Ocular signs were evident in 3 cats, and 2 of these cats also had CNS signs. One cat had bilateral ocular signs, and fundic examination revealed retinal lesions consistent with fungal granulomas and retinal detachment. The second cat had bilateral retinal granulomas without detachment and neurologic signs (head tilt and signs of pain in the thoracolumbar portion of the vertebral column). The third cat had unilateral ocular signs (uveitis, retinal granulomas, and retinal detachment) and bilateral hind limb paresis. Histopathologic findings in this cat included anterior uveitis, posterior chorioretinitis, and multifocal encephalitis and myelitis. In addition to these 3 cats, a fourth cat had Horner syndrome as well as chronic retinal degeneration in the right eye. At necropsy, no evidence of blastomycosis was found in the eyes or CNS of this cat. This cat did have a mediastinal fungal granuloma that could have been the cause of Horner syndrome.

Results of CBCs were nonspecific. Lymphopenia was observed in 4 cats that had lymphocyte counts ranging from 0.34 × 103 cells/μL to 1.1 × 103 cells/μL (reference range, 1.7 × 103 cells/μL to 7.0 × 103 cells/μL). All 4 received glucocorticoids prior to evaluation at our hospital. Leukopenia with a WBC count of 2.85 × 103 cells/μL (reference range, 5.5 × 103 cells/μL to 19.5 × 103 cells/μL) and basophilic neutrophils were evident in 1 cat. One cat had mild normocytic normochromic anemia, with an Hct of 24.5% (reference range, 30% to 45%). Serum biochemical results were also nonspecific. Four cats had high serum total protein concentrations ranging from 8.2 to 9.2 g/dL (reference range, 5.8 to 8.0 g/dL). Only in 1 cat was this finding attributed to clinically apparent dehydration (albumin and globulin concentrations were both high). One cat had high serum globulin concentration. The other 2 cats had concentrations of albumin and globulin in the upper portion of the reference range, resulting in slightly high total protein concentration. One cat had high serum globulin concentration (5.3 g/dL) with concurrent hypoalbuminemia (2.3 g/dL; reference range, 2.7 to 3.8 g/dL) and serum total protein concentration within reference range. Serum glucose concentrations were slightly high in 5 cats, ranging from 150 to 192 mg/dL (reference range, 65 to 129 mg/dL), and could have been related to stress or glucocorticosteroid administration, although 1 cat had concurrent diabetes mellitus. Two cats had high serum total calcium concentrations of 12.2 and 12.6 mg/dL (reference range, 8.4 to 10.8 mg/dL). Serum ionized calcium concentration was not measured in any of the cats. Urinalysis was performed in 4 cats, and results were within reference ranges, except for 1 cat with RBCs in the urine (attributed to cystocentesis) and 1 cat with glucosuria that had concurrent diabetes mellitus. Serologic tests for anti-Blastomyces antibodies were not performed in any of the cats.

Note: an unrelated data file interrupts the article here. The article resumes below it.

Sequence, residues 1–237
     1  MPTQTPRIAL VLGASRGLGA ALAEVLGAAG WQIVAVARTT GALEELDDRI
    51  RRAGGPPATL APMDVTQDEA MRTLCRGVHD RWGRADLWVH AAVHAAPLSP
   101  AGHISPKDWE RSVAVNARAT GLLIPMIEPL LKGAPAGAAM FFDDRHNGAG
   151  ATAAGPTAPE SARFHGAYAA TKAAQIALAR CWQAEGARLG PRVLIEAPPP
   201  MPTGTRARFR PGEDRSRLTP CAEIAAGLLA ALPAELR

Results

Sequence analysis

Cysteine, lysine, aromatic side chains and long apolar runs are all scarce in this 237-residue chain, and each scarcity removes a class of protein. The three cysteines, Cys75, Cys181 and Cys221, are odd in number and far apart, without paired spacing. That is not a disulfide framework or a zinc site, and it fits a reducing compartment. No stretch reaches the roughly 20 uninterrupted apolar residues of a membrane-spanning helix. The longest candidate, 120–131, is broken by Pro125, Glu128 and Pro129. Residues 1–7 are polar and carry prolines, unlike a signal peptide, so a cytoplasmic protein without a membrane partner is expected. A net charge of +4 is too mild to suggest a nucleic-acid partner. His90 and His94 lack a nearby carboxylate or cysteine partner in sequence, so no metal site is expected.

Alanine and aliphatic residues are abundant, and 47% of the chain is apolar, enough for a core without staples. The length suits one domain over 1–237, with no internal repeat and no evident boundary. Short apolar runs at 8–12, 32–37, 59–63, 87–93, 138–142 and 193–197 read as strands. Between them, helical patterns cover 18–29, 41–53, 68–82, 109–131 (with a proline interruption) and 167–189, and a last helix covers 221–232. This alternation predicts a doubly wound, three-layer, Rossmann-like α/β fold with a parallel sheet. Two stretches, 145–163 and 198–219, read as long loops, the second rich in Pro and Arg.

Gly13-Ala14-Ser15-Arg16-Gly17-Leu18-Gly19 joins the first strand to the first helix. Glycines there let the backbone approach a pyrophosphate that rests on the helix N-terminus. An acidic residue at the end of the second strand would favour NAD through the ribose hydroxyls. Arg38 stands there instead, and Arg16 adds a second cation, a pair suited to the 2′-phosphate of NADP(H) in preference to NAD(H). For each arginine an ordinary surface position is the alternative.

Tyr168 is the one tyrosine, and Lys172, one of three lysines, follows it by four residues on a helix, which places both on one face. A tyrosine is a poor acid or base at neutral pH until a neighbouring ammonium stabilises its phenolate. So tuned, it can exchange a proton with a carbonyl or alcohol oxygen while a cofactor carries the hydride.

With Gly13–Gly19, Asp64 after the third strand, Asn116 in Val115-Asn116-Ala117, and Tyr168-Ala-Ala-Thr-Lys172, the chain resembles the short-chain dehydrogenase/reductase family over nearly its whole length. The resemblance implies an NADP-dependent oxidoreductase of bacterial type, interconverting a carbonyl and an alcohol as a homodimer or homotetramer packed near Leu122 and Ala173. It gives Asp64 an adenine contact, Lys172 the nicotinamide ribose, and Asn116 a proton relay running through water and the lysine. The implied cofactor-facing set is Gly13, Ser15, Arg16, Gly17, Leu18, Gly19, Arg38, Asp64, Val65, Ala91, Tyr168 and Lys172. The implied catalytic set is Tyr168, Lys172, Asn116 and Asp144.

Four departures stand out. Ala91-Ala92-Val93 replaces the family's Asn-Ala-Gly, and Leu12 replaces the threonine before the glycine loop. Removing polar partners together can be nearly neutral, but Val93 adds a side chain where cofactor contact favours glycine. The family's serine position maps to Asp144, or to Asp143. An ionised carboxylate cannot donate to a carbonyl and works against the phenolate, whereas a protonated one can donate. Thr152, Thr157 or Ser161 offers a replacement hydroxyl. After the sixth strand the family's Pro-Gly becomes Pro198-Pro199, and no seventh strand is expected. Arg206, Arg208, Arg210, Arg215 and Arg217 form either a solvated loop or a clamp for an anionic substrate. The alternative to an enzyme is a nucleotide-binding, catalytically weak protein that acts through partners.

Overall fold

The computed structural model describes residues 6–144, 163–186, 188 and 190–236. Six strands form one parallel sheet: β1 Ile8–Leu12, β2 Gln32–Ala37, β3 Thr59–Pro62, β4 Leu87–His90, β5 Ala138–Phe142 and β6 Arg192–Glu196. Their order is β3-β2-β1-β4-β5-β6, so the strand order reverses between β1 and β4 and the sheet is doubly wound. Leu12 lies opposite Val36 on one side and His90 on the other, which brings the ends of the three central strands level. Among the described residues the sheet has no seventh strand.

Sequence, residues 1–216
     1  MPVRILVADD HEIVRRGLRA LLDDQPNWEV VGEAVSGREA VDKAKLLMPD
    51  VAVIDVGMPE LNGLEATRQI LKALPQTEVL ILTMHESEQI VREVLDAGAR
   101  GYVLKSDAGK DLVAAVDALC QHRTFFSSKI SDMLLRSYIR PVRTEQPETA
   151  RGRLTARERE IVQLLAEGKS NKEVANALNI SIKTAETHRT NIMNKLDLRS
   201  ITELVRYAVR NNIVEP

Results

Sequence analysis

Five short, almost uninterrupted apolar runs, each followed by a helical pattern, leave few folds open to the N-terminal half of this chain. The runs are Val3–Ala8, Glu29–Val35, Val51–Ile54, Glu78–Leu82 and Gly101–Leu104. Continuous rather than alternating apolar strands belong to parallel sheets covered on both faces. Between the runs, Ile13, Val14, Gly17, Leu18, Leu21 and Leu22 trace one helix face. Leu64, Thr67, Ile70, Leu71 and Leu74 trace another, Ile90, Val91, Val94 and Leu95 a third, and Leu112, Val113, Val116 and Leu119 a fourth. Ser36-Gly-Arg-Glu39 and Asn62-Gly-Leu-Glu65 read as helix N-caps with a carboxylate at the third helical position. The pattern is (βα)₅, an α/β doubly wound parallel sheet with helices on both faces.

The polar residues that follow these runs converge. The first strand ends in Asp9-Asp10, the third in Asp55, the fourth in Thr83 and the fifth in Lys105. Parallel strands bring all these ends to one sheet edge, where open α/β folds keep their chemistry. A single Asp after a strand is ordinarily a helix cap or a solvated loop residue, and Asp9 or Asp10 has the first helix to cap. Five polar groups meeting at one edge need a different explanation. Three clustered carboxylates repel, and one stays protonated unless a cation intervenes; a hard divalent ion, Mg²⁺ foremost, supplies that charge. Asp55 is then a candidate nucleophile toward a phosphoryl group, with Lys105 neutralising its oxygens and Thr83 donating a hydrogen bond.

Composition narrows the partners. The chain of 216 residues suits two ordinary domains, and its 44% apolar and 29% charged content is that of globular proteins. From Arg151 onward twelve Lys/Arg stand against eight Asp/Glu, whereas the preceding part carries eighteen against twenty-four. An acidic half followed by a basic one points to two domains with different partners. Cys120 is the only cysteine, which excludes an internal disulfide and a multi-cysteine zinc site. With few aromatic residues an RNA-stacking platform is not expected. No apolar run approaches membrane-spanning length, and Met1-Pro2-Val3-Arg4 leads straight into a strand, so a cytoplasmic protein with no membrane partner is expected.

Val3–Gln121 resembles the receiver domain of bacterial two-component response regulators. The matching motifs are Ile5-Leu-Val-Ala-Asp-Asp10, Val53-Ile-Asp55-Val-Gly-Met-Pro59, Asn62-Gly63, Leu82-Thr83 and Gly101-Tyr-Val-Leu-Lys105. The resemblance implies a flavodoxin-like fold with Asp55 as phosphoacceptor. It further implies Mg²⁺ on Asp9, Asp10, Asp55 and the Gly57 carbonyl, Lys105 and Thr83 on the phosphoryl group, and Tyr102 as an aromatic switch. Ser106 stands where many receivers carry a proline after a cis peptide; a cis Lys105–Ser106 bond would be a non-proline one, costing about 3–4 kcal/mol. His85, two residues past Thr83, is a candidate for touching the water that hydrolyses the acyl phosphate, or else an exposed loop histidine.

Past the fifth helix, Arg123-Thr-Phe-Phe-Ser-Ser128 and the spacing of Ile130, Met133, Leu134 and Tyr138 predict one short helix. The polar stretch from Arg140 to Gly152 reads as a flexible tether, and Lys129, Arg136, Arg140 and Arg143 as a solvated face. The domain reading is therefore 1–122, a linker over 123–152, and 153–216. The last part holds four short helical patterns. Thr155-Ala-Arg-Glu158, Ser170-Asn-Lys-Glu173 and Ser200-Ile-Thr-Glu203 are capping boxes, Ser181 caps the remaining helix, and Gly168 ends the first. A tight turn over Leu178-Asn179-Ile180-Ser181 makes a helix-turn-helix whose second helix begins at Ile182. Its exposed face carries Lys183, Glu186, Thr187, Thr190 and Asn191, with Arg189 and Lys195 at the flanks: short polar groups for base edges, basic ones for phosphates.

All cats, including the 2 without clinical signs of respiratory tract disease, had radiographic signs of respiratory tract disease. Seven of the 8 cats had poorly defined soft tissue opacities consistent with nodules or masses or alveolar consolidation of the lungs. The right cranial lung lobe was commonly involved (n = 5 cats). Radiographic evidence of pleural effusion was identified in the eighth cat. Four cats had diffuse bronchial lung patterns. Diffuse miliary soft tissue opacity nodules (n = 3 cats), a cranial mediastinal mass (n = 1), and perihilar lymphadenomegaly (3) were also reported. Ultrasonographic examination of the thorax was performed in 1 cat, and findings included a homogeneous, hypoechoic, and consolidated left caudal lung lobe and a cavitated nodule in the right caudal lung lobe.